Re: LINK TYPE=override/type

Bill Bereza (
Fri, 23 Jan 1998 13:53:01 -0500 (EST)

Date: Fri, 23 Jan 1998 13:53:01 -0500 (EST)
From: Bill Bereza <>
To: Benjamin Franz <>
In-Reply-To: <>
Message-ID: <>
Subject: Re: LINK TYPE=override/type

On Fri, 23 Jan 1998, Benjamin Franz wrote:

> On Fri, 23 Jan 1998, Neil St.Laurent wrote:
> > At the moment it seems like the TYPE in LINK is absolutely pointless 
> > since I have to download all of the STYLESHEETS anyways to get their 
> > correct type.
> No, it is *very* useful. It is a guide to the browser which stylesheets
> (scripts, fonts, proprietary extensions, whatever) it can handle and
> should load and which it should just skip because it can't do anything
> meaningful with them anyway. Thus when a browser encounters:
> <LINK rel=stylesheet type="text/css"   href="/stylesheets/default.css">
> <LINK rel=stylesheet type="text/jsss"  href="/stylesheets/default.jsss">
> <LINK rel=stylesheet type="text/xsl"   href="/stylesheets/default.xsl">
> <LINK rel=stylesheet type="text/dsssl" href="/stylesheets/default.dsssl">
> it *doesn't* try to load the stylesheets it can't deal with anyway.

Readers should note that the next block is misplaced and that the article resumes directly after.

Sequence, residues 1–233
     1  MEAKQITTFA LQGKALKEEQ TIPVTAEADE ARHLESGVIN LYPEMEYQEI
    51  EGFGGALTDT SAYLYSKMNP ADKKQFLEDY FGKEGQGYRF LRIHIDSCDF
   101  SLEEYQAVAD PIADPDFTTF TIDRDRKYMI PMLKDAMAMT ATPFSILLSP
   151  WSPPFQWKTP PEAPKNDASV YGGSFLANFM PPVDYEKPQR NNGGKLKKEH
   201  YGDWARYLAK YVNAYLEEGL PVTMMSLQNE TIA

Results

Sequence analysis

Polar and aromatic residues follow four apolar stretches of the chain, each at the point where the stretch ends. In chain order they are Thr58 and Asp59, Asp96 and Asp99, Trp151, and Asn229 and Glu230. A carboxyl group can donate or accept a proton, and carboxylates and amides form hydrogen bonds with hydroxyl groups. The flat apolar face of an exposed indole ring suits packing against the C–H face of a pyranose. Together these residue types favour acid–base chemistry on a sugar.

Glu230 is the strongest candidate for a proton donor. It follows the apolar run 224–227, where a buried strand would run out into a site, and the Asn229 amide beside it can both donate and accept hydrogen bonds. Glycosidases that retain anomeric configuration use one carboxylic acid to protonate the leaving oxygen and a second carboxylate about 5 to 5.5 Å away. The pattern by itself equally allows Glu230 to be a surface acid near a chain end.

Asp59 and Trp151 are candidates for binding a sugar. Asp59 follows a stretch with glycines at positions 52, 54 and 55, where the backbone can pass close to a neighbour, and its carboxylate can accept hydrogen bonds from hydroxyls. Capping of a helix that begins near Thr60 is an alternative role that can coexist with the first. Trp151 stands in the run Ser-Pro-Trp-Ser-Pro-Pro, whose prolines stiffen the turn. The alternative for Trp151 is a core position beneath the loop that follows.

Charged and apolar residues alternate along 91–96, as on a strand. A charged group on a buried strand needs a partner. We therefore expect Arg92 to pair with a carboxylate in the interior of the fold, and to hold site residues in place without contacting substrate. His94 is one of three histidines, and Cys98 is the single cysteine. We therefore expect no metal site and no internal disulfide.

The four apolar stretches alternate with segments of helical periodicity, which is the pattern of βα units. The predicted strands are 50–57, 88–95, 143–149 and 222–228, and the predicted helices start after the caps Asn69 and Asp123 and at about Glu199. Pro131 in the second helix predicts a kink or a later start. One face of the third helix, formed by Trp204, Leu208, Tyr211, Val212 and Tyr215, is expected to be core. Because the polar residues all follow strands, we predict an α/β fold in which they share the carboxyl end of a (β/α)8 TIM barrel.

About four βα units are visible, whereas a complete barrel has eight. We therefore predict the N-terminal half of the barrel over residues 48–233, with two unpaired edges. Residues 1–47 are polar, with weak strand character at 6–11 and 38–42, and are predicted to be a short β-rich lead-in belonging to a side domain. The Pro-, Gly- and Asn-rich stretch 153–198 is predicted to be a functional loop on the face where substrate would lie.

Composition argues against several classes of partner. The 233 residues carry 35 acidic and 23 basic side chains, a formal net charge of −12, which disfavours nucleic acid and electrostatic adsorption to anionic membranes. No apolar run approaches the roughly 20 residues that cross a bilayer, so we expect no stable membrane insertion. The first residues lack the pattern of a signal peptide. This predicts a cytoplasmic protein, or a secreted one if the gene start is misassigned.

> And the answer to the question of 'which overrides which' is: The TYPE and
> the Content-Type must match. If they don't its an *ERROR*. Error
> handling is agent specific and should not be relied on under any
> circumstances. FWIW - Netscape appears to assume that if the Content-Type
> is wrong, its JSSS or Javascript. Period.

So, if TYPE and Content-Type mismatches are an error, than TYPE goes
from being barely useful to outright dangerous. There's no way that
an HTML authour is going to always be able to be sure that TYPE will
match Content-Type. If this error can result in the browser blowing up,
or some other non-specified action, than it would be safest to avoid the
use of TYPE altogethor.

Let's say I have this example for a stylesheet:

<LINK rel=stylesheet TYPE="text/css" href="/ss/main">

At the moment "/ss/main" might be "text/css", but this could change in
the future. Now imagine all the possible things a browser might do with

Use of TYPE                   Content-Type matches      mismatches
1. Browser ignores TYPE       no problem                no problem

2. TYPE over-rides MIME type  no problem                problem

3. Browser uses TYPE to       no problem                possible problem
   decide whether or not to                            
   load the stylesheet   

4. TYPE must match MIME type  no problem                problem

5. Browser uses TYPE if       no problem                possible problem
   an error occurs while
   using the reported

6. Browser uses TYPE as a     no problem                no problem 
   guide to the user in
   choosing whether or not
   to download the item

I think this covers all the possible uses of TYPE, and it seems the only
safe thing to do would be for the browser to either ignore TYPE or just
use it as some helpful thing for the user.

Bill Bereza

Beware of all enterprises that require new clothes.